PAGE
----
Yes, yes, I’m well aware it’s five days overdue. Things kept me, but I still wanted to get this out. I’ll be better next (this) week, I promise. I intend for this to be a weekly thing for me, so feel free to yell at me on @TarunaD if I haven’t done an article like this by the weekend. And I might need to come up with a wittier title.
Anyways, onward we go!
Captain Britain And The Mighty Defenders #1 (Marvel)
Writer: Al Ewing
Art: Alan Davis (pencils), Mark Farmer (inks), Wil Quintana (colors)
Al Ewing is the writer to watch these days, and this comic is no exception. Somewhat of a spiritual successor of his excellent Captain America & The Mighty Avengers run, now he helms yet another team of underrated heroes in Captain Britain And The Mighty Defenders. Consisting of Mighty Avengers holdovers She-Hulk, White Tiger and the Spider Hero (though with someone new under the mask) joined with new faces Faiza Hussain, now christened Captain Britain, and Kid Rescue, this is yet another excellent comic from names synonymous with quality.
For a miniseries only consisting of two issues, Ewing manages to fit two or three issue’s worth of story into this first issue. And it’s done so masterfully that it isn’t necessarily a bad thing. From a quick flashback to the origins of Ho Yinsen as Rescue, introducing Yinsen City’s heroes and the local Thor, to the surprise visitor and the imminent invasion of Yinsen City, the issue’s pacing is nothing to worry about. I imagine fans of Jeff Parker’s Thunderbolts run and Dredd alike will be thrilled to find who Yinsen City’s invaders are. And considering Ewing’s history with Dredd, this should be lots of fun.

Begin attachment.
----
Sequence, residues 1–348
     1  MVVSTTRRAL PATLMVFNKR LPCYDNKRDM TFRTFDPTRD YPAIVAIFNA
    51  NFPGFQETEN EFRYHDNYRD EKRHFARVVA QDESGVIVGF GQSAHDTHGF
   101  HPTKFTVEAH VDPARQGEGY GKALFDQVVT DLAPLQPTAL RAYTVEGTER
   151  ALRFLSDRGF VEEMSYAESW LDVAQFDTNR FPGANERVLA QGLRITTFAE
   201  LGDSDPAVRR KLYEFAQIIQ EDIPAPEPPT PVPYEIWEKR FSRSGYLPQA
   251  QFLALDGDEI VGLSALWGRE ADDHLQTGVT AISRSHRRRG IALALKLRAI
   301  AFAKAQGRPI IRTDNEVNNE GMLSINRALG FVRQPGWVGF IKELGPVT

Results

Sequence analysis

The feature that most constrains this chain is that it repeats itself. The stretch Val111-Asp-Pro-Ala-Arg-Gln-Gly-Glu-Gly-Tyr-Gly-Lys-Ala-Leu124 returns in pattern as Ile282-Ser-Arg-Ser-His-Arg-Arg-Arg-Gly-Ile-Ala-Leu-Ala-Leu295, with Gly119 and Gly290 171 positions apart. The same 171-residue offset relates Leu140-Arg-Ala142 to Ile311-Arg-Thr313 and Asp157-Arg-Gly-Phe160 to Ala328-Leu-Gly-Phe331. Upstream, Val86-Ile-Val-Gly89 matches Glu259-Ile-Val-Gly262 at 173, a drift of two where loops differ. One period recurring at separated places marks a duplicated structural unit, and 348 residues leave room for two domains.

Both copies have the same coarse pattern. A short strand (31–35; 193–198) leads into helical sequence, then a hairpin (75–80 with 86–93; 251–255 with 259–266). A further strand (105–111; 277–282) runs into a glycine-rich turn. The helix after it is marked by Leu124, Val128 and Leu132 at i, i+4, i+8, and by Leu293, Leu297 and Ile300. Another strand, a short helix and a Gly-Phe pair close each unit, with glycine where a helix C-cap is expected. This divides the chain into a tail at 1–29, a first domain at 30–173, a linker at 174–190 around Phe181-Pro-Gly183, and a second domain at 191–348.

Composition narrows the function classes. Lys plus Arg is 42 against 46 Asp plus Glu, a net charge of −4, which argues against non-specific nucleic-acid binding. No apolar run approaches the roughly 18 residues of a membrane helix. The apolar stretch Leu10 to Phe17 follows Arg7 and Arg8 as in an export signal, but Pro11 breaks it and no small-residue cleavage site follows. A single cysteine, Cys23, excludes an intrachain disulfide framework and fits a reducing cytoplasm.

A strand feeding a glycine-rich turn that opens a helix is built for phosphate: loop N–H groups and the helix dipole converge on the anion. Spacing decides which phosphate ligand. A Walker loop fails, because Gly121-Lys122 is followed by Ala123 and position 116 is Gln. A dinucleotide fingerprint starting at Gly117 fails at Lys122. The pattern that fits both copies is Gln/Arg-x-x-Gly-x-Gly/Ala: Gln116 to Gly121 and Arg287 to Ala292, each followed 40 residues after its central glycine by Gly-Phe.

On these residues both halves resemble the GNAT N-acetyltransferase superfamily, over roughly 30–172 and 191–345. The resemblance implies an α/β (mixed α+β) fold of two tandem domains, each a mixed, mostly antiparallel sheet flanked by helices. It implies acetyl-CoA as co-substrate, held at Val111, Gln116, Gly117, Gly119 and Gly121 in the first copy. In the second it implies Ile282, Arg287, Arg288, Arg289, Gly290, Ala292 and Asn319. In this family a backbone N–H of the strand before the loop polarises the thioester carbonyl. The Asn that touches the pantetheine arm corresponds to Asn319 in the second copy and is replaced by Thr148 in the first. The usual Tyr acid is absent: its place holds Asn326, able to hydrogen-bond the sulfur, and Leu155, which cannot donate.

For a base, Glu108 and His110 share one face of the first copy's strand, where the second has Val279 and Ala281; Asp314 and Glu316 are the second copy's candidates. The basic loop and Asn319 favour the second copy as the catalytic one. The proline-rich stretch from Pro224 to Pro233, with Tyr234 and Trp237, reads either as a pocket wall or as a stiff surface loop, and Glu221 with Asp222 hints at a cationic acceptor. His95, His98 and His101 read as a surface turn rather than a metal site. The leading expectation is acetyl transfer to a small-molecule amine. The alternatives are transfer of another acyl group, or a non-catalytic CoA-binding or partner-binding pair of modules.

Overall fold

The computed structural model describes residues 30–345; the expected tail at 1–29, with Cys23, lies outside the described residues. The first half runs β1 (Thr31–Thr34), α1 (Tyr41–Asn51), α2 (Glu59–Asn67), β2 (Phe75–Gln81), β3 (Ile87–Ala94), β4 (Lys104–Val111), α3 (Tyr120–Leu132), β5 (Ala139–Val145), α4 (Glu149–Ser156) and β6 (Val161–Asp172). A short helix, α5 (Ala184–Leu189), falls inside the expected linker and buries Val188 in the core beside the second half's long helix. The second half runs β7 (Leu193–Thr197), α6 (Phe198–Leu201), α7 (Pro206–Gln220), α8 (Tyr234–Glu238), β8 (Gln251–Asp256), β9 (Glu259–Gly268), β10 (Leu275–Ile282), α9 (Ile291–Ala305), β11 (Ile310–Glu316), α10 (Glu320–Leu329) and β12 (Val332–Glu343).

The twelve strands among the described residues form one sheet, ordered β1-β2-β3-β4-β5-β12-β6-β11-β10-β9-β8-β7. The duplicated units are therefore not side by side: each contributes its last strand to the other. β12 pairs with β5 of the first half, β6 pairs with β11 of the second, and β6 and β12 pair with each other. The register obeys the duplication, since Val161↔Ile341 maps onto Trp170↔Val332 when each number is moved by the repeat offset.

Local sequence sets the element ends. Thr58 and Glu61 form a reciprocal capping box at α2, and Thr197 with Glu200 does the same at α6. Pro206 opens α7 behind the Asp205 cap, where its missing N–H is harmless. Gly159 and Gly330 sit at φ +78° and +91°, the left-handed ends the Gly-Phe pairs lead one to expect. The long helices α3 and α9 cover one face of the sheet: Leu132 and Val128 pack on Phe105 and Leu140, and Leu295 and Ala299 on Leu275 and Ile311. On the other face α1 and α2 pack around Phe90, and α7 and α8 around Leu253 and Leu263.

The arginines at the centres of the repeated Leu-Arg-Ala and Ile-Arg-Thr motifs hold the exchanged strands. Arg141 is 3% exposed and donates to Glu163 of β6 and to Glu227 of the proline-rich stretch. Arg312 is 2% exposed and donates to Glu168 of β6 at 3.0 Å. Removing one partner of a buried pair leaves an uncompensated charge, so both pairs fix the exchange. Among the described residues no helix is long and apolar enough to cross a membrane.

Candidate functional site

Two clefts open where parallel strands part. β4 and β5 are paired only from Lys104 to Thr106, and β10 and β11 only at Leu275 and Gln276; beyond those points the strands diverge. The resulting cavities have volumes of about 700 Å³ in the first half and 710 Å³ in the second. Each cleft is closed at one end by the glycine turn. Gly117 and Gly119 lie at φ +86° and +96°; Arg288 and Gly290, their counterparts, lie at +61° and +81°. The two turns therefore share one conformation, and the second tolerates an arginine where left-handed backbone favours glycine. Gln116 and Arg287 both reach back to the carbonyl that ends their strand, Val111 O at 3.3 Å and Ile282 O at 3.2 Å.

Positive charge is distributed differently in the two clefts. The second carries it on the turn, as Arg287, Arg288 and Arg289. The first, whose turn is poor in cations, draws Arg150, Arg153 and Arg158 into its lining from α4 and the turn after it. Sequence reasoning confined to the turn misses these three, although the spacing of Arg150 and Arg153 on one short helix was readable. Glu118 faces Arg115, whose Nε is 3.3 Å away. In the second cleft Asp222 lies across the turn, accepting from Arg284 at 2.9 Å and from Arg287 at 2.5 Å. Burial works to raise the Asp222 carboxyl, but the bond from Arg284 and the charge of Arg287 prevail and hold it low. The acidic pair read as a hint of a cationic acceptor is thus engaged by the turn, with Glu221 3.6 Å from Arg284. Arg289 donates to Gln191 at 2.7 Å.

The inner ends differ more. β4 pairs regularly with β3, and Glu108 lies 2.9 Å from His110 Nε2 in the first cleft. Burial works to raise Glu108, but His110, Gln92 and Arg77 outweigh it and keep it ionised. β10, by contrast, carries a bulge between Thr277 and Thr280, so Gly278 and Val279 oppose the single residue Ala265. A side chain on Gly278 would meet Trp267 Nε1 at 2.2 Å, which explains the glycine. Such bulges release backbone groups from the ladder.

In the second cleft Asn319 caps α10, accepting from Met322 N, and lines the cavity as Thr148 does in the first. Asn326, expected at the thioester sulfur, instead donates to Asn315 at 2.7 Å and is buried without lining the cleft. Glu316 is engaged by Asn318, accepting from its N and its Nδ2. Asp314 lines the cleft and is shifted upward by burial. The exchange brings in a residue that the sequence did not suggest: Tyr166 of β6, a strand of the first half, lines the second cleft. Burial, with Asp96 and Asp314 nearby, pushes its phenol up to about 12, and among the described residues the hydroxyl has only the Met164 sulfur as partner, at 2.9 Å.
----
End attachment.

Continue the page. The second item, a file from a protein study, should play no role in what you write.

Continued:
The art on this book is what I’ve expected from Davis, Farmer, and Quintana. From the dark tones in Yinsen’s flashbacks, the crisp colors of present-day Yinsen City, to Mondo City’s oppressive dark colors, they all stand out. Mondo’s huge tank loaded with guns and Faiza’s abduction are some of the standouts in this book.
All in all, a very enjoyable book, as I’ve come to expect from a creative team of this caliber. Though it only has one more issue in the tank, I’m expecting another great showing from this band of heroes that I hope will get more love after Secret Wars.
Godzilla In Hell #1 (IDW)
Writing and Art: James Stokoe
Stokoe is back on a Godzilla book and my God, does he impress. The former Godzilla: Half-Century War creator has come back for another dose of the King of Monsters’ escapades….IN HELL. Yes, as the title suggests, Big G is in hell. Why? Read Godzilla: Rulers of Earth #25 and you’ll have an idea.
But that’s not what I’ll be talking about here. This issue, wholly written, drawn, and colored by Stokoe as he did on Half-Century War, perfectly sets the stage for Godzilla’s adventure in hell. The first circle he takes on? Lust. Thanks to the lack of (coherent) human characters, this issue is almost completely silent except for the excellent ‘title sequence’ in the first third of the book. The rest of the book is Godzilla kicking ass in hell…and it is completely AWESOME.